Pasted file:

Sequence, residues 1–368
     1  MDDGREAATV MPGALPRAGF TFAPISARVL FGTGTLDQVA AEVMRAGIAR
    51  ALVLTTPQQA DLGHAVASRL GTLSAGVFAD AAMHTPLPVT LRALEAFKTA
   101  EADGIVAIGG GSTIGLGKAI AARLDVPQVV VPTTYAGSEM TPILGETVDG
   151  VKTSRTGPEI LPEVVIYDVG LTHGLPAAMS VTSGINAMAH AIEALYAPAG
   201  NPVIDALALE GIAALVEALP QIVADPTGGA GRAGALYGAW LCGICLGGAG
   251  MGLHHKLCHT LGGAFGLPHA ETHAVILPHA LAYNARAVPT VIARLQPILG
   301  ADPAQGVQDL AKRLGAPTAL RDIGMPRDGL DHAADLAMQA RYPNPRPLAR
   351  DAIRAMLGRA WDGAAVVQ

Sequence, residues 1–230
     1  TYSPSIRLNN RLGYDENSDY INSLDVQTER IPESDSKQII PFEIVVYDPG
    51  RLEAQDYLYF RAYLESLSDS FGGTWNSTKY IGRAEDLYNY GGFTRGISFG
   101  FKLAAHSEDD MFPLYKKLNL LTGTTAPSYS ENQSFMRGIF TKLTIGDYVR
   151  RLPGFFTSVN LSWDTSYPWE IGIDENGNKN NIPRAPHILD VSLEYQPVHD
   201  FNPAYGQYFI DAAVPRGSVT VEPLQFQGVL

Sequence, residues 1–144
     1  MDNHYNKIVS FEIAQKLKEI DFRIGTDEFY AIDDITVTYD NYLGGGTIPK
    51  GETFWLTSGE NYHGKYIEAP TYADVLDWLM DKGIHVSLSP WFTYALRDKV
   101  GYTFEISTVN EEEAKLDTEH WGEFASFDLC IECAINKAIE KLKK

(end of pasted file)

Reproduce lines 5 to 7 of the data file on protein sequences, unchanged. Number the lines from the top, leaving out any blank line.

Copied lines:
   151  VKTSRTGPEI LPEVVIYDVG LTHGLPAAMS VTSGINAMAH AIEALYAPAG
   201  NPVIDALALE GIAALVEALP QIVADPTGGA GRAGALYGAW LCGICLGGAG
   251  MGLHHKLCHT LGGAFGLPHA ETHAVILPHA LAYNARAVPT VIARLQPILG